If Asagai was not present in the play, Beneatha would have been a person who would proudly consider herself an African-America, rather than being African. Asagai would be another great example of one who proves the American Dream because he knows all about Africa and constantly preaches Beneatha about the country and how she should not do something and how she should do something.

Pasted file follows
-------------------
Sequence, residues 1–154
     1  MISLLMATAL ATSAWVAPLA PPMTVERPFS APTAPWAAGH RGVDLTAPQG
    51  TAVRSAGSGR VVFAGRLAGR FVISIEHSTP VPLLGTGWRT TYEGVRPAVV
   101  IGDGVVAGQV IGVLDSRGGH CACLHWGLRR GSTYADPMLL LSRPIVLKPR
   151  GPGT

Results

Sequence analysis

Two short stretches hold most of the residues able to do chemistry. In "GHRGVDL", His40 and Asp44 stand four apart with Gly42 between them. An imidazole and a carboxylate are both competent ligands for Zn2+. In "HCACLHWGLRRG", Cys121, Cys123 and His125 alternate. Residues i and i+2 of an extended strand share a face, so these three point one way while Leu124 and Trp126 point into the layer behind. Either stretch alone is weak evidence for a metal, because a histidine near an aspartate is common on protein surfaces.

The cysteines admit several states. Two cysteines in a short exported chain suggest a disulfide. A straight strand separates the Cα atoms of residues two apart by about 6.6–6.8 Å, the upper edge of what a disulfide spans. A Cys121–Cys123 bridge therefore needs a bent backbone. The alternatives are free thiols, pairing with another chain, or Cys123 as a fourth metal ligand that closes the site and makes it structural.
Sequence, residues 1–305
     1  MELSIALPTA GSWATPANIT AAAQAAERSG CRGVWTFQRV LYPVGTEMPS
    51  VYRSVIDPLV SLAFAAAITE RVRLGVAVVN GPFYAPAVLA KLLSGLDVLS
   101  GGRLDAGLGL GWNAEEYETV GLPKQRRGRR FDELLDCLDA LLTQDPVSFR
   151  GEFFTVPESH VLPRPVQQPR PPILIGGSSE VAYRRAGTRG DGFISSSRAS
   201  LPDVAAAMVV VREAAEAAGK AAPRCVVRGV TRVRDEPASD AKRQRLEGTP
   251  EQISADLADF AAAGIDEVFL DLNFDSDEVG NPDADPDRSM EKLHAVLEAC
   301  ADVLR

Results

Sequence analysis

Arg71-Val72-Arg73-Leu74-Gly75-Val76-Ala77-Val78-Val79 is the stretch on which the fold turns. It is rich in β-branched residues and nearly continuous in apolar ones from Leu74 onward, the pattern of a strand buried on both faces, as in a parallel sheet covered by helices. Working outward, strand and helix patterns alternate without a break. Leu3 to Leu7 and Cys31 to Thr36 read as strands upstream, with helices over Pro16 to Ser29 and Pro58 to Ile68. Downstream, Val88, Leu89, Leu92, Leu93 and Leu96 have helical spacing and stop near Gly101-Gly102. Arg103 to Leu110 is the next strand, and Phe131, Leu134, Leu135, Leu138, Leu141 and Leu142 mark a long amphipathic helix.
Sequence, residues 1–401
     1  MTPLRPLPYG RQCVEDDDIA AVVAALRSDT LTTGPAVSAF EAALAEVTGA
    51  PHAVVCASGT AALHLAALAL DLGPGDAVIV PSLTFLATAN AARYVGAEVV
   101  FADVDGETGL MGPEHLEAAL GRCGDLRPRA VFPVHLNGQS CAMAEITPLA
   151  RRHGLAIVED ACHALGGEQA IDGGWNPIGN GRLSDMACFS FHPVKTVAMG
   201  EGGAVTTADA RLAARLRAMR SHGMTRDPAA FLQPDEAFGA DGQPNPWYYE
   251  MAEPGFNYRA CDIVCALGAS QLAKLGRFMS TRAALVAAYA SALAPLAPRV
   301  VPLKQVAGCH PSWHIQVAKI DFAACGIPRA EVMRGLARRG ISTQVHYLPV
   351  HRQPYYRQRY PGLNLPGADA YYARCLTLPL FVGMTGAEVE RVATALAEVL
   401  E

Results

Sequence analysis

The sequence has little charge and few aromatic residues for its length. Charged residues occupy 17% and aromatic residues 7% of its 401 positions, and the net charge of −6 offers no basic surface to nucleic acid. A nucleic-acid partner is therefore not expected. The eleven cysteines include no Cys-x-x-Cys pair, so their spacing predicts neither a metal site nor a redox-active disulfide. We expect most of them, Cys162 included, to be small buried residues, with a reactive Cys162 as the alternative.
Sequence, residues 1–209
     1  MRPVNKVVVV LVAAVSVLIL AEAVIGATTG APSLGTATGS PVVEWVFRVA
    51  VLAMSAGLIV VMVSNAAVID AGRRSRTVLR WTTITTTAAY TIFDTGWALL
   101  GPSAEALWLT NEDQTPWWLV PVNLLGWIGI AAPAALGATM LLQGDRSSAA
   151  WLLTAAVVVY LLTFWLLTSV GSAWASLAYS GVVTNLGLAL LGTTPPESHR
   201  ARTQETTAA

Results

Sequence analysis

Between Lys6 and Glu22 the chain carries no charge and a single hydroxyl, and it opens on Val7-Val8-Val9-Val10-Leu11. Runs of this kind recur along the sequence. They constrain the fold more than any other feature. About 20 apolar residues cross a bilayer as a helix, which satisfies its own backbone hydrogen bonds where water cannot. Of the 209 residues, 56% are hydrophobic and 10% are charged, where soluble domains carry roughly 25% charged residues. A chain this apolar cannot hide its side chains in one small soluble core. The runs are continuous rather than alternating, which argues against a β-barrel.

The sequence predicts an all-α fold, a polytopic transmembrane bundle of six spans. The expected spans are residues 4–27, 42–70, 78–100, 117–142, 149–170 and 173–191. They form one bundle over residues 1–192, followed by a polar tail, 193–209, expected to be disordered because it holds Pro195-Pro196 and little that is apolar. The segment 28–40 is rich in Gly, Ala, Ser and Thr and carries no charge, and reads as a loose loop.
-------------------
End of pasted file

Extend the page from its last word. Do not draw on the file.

In the play, A Raisin in the Sun, one overall sees that there are certain characters prove the American Dream, and there are certain characters disprove it. For example, characters like Walter and Ruth would be considered as ones who disprove it, while character such as Mama, Beneatha and Asagai prove the American Dream. Even the want and the need, and the strive to succeed can be in a way, proving the American Dream. Loraine Hansberry wrote the play in such a way where it depicted the average African household living in an All-American society to be effective to the audience. In the end of the play, the Youngers’ family is all ready to do an assault in their new house if anyone tends to cause harm to them. It is clearly shown in the play that teamwork can lead to many things to just work out fine and life. And if the question is, has the Youngers’ family, as a whole depicted and proved the American Dream, the answer would be simple: Yes.